that a full day is enough. Their view of the world is so different.
For example, one Christmas I decorated envelopes to send
out thank you notes. Most dads would say, ‘Those are pretty
honey.’ Mine said, ‘Wow, you could start a business decorating
envelopes!’ An idea that could be transformed into a business
was the greatest form of praise.
Alice Ganier
Alice admitted that she inherited a lot of her dad’s traits and has already
had one business and is now thinking about the next one. Other entrepreneurs
sent me comments about their own family experiences. My favorite story is from
Christine who lives a 24/7 entrepreneurial life. I would think her children must
chapter seven: the view from the sidelines
wonder about their life when they visit their school friends’ homes. Here is her
view of what it was like for her children growing up with her.
MY CHILDREN GROANED a lot when they were young because
their mum wasn’t usual. Other mums worked or stayed at home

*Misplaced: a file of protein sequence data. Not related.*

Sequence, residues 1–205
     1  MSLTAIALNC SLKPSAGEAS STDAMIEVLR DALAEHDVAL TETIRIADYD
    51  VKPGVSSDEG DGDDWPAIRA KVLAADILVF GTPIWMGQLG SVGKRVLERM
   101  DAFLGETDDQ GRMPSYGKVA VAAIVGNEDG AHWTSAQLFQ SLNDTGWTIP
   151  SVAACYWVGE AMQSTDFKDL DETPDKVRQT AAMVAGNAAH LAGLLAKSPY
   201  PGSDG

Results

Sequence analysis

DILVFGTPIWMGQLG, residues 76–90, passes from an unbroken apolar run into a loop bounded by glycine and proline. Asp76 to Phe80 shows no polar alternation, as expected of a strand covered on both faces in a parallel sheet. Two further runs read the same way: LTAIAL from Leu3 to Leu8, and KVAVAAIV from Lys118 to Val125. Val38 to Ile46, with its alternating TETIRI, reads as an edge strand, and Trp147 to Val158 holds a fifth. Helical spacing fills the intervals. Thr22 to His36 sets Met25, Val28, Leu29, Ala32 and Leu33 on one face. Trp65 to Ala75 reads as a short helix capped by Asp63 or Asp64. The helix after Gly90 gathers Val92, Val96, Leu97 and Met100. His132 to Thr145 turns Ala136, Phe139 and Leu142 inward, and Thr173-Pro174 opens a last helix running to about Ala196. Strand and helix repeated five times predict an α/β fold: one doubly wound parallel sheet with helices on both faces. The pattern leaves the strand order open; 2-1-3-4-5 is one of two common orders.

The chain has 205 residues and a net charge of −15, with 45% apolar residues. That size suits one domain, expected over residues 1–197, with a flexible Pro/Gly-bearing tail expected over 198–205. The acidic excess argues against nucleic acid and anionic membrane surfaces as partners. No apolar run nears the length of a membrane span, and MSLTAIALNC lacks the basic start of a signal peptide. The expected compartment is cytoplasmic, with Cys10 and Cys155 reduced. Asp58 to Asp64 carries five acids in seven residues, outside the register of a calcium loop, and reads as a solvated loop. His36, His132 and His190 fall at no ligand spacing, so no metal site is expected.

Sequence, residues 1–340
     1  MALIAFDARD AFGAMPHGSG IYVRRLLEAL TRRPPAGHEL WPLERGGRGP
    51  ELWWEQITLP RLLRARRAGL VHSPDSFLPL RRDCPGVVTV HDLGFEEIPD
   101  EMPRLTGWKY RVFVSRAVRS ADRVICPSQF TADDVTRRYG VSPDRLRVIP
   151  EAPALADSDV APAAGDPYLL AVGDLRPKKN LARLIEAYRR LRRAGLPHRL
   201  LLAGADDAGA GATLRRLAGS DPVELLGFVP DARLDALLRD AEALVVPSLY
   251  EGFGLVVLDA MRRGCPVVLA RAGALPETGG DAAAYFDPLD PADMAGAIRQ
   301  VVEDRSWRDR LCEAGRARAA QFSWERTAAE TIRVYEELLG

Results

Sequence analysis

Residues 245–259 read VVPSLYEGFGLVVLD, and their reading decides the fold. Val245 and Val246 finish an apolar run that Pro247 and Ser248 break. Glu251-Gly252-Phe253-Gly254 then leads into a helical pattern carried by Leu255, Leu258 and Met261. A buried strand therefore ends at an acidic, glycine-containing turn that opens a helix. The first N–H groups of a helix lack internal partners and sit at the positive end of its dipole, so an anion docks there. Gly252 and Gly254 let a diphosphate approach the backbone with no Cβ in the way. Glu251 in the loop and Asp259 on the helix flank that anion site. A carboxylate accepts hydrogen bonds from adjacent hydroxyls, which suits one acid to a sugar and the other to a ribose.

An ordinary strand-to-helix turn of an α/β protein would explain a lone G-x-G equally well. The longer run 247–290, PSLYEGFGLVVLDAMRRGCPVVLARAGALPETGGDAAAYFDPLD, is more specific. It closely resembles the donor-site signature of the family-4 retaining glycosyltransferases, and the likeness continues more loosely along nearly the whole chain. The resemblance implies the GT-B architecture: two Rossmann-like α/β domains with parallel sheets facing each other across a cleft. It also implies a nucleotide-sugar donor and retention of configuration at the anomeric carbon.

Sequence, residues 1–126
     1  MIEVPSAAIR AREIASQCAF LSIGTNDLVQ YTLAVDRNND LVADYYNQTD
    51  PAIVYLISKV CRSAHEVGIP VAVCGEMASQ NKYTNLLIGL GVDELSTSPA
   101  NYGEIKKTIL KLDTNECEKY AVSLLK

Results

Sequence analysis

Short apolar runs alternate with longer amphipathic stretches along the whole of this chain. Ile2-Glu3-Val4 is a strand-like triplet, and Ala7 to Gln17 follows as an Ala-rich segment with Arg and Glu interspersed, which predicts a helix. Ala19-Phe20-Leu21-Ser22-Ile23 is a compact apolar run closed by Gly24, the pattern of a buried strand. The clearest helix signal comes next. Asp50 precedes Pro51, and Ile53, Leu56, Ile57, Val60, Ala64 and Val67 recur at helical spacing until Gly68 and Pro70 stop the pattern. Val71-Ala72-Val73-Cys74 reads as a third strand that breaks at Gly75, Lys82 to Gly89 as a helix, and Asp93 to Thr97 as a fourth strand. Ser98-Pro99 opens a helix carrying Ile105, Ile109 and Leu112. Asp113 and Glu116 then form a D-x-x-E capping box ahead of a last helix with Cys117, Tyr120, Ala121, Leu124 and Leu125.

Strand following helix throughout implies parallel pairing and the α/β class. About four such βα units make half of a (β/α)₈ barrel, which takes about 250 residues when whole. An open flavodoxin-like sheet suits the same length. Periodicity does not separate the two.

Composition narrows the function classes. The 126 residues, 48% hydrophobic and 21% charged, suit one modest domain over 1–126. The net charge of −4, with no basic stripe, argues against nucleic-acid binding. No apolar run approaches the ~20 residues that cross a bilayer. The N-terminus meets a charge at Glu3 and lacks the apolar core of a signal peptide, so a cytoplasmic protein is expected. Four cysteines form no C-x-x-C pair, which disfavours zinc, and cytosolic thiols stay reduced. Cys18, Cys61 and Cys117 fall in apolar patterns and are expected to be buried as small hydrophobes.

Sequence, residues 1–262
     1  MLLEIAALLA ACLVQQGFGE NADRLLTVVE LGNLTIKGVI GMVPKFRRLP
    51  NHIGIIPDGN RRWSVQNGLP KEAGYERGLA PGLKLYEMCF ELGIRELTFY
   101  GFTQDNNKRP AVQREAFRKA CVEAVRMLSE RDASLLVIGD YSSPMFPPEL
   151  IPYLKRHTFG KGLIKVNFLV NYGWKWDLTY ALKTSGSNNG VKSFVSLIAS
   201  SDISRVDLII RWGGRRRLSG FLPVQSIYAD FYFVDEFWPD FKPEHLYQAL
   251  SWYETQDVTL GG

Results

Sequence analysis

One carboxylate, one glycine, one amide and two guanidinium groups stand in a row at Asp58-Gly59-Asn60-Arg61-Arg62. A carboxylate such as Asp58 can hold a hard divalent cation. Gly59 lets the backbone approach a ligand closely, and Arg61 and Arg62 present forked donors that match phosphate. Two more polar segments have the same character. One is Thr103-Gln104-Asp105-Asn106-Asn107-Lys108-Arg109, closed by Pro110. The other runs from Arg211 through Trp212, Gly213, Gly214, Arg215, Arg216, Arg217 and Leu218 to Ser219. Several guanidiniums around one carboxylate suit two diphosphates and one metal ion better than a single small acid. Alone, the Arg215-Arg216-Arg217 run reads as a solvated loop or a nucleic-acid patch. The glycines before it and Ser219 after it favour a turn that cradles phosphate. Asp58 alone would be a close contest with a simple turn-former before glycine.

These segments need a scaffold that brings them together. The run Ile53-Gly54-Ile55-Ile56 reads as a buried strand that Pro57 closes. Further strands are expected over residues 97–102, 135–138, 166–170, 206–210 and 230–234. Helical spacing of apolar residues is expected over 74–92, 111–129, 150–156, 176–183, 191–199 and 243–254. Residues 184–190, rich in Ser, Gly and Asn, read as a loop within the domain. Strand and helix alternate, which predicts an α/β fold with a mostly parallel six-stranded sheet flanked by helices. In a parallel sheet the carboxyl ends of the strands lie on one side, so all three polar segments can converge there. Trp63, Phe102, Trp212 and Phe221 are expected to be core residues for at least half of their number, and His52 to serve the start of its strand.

while I ran service businesses from home—unheard of then.
I work with my office door open so I had to teach everyone,
including kids, that on the rare times when a red card was hanging
from my office door, they had to be gushing blood before
daring to disturb me. These and similar arrangements didn’t go
down too well with some family members, acquaintances and
Another area I took some hammering over, but make no
apologies for, was talking business in front of children. I think
it vital that children learn about business and home is a great
learning environment.
It was a sore point with my kids that I do not hold with the
concept of pocket money. However, I always paid them a fair
rate for good quality work and funded their enterprises ... for a
modest return.
The kids have grown up but nothing much has changed over
the years. I continually fail to separate home and work. I still
bore family, friends and acquaintances with my enthusiasm for